The answer to the question “Can the IRS collect assets overseas?” multiple collection tools and use of various sources of information available in collection cases where a taxpayer’s assets are located outside of the United States. Collection tools apply when the IRS has attempted to contact a taxpayer, and the taxpayer has neglected or refused to pay, and the IRS has exhausted domestic collection sources.
IRS collection tools
The memorandum states that “the IRS is not prohibited, in general, from pursuing multiple collection activities simultaneously. In many cases, these collection tools can complement each other”. Here are several collection tools available to the IRS, followed by the IRS commentary on the IRS Program Manager’s Collection Policy – Global Strategic Compliance:
- Entry of a TECS (Treasury Enforcement Communications System) watch flag: “TECS watch flags are used to obtain information about a taxpayer’s location. We are not aware of any legal restrictions that would prevent the IRS from using this tool in conjunction with any other collection action.
- Initiating an Outbound Mutual Assistance Collections Request (MCAR) to a Treaty Partner: “Before requesting assistance from a treaty partner through a MCAR, the IRS should be able to declare that all appropriate steps to collect the revenue claim that are available under its laws or administrative practices have been followed. Seeking assistance under an MCAR does not preclude the United States to pursue their efforts to secure the property or personal jurisdiction of the taxpayer”.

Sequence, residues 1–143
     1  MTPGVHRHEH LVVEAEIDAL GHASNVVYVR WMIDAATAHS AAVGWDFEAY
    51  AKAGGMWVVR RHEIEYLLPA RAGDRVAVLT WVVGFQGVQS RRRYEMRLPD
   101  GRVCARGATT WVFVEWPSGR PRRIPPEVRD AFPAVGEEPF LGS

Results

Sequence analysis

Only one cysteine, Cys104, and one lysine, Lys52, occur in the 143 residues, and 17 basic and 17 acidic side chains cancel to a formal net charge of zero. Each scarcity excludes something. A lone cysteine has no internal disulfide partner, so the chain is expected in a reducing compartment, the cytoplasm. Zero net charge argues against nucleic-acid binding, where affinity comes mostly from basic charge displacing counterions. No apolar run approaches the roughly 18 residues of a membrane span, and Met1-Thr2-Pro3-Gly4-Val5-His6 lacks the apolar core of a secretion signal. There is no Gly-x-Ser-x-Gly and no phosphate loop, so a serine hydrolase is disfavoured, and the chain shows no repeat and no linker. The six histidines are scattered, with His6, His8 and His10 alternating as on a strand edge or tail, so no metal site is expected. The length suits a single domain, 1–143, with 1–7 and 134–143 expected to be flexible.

- Foreign Bank Domestic Branch Levy: “We are not aware of any restrictions that would prevent the IRS from issuing a foreign bank domestic branch levy in conjunction with any other collection action”
- Suit to repatriate: “We are not aware of any restrictions that would prevent the IRS from referring liability to the Department of Justice for a lawsuit seeking the repatriation of assets in conjunction with any other collection action. The IRS must also be prepared to certify that known domestic sources of collection have been exhausted or that known domestic assets are insufficient to satisfy liabilities.
- Issuance of letter 6152, notice of intent to request US Department of State to revoke passport and referral to US Department of State (DOS) for revocation of passport after issuance of passport letter 6152: the two cannot be prosecuted simultaneously because the issuance of letter 6152 and the expiration of the response period stated in that letter must occur before a referral to DOS for passport revocation. “We are not aware of any restrictions that would prevent the IRS from pursuing passport revocation in conjunction with any other collection action that you have identified. Once the certification criteria are met and a taxpayer is certified as a person with a severely delinquent tax debt under IRC § 7345, the Service may request the Department of State to exercise its authority discretion to revoke a taxpayer’s passport”.
What about FATCA?
The memorandum states that “FATCA data can be used to identify instances of collection in most cases, but permitted uses of particular sets of FATCA data may vary depending on whether or not they were received under a international agreement providing for the exchange of information in tax matters. (“tax treaty”) and the use and disclosure provisions of the applicable tax treaty”.